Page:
WASHINGTON, DC – New data from the U.S. Department of Education shows that thirty-six states increased their high school graduation rates for the 2013–14 school year. In response, Bob Wise, president of the Alliance for Excellent Education and former governor of West Virginia, made the following statement:
“The story here is this: when it comes to high school graduation rate policy, federal and state efforts are working; data and dedication are making diplomas.
“After years of many different calculations, states have begun using a common, reliable method to determine high school graduation rates. More important, states, districts, and schools are acting in response to this information. Federal policy requires states to set meaningful goals and targets, and to respond when groups of traditionally underserved students consistently underperform. In addition, federal policy requires a focus on high schools with very low graduation rates. Armed with data, educators can identify problems, intervene with support, and increase the number of students who are earning their diplomas.
“The graduation rate gains achieved in these thirty-six states is positive news for educators, parents, and students, and it also is great news for state economies as high school graduates earn $15,000 more per year than dropouts. This additional money is not going under a mattress; it will be used to purchase automobiles, groceries, clothing, and more, fueling the economies in these states.
“Today is a day to celebrate, but it is also a day to recognize additional challenges. Students of color and students from low-income families continue to graduate from high school at much lower rates than their white counterparts. Nationwide, there are 1,235 high schools where one-third of students do not make it to graduation day.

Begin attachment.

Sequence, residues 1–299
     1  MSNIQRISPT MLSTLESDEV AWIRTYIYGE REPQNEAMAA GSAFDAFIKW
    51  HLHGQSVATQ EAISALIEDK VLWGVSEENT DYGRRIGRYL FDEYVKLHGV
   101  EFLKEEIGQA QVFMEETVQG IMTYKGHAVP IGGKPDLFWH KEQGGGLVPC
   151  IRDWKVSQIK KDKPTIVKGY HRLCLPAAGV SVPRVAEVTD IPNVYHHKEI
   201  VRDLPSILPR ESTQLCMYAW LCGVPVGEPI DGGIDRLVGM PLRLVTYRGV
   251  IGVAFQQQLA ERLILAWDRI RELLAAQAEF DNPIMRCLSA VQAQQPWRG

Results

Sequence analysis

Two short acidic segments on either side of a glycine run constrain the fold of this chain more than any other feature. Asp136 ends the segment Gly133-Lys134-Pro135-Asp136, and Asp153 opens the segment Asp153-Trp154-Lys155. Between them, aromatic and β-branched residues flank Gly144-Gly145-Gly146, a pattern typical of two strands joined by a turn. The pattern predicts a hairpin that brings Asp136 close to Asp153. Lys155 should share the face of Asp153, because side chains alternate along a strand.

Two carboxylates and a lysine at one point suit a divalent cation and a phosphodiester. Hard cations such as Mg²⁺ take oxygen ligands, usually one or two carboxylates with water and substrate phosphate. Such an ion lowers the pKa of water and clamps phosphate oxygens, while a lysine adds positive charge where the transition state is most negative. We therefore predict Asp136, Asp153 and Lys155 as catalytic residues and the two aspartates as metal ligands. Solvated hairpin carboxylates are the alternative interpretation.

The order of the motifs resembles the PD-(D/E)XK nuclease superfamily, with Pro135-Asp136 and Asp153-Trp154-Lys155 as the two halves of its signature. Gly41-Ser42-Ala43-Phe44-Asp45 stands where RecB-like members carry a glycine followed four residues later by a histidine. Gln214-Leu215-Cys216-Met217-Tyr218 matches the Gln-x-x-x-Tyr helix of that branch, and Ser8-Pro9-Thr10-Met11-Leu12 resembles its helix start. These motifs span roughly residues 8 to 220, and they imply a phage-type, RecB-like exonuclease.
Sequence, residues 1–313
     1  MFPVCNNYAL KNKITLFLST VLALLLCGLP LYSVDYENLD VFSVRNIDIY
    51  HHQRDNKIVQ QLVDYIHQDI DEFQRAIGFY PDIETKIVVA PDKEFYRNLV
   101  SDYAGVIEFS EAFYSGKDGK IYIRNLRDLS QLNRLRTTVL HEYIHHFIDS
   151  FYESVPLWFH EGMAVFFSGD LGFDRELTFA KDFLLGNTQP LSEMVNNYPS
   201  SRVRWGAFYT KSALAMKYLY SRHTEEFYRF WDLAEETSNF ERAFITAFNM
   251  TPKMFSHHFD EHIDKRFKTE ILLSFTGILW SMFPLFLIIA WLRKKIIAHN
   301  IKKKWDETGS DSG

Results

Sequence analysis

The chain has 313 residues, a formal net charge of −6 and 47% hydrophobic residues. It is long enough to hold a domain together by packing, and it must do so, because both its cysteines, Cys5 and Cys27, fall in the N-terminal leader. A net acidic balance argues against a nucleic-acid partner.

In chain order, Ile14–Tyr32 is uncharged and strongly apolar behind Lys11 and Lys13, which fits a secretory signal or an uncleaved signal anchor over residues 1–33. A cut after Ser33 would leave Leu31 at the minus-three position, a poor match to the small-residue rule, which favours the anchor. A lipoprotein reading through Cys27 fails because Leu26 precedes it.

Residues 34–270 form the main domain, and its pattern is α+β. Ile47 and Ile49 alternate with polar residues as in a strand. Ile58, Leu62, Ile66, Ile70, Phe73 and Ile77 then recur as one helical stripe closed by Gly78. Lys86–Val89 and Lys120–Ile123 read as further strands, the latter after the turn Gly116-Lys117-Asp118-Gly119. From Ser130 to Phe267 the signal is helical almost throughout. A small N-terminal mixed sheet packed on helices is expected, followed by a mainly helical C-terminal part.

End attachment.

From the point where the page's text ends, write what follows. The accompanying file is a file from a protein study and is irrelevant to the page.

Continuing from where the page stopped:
“As the U.S. Congress works to rewrite the No Child Left Behind Act, it must require states to target resources and focus reform on these lowest-performing high schools. Great discretion should be left to states, districts, and schools about how they respond; however, no discretion should exist about whether to respond. Additionally, federal policy should ensure that states intervene in high schools where students of color, students from low-income families, students with disabilities, and other groups of students fail to meet the state’s graduation rate goal for two years in a row.”
The Alliance for Excellent Education is a Washington, DC–based national policy and advocacy organization dedicated to ensuring that all students, particularly those traditionally underserved, graduate from high school ready for success in college, work, and citizenship. www.all4ed.org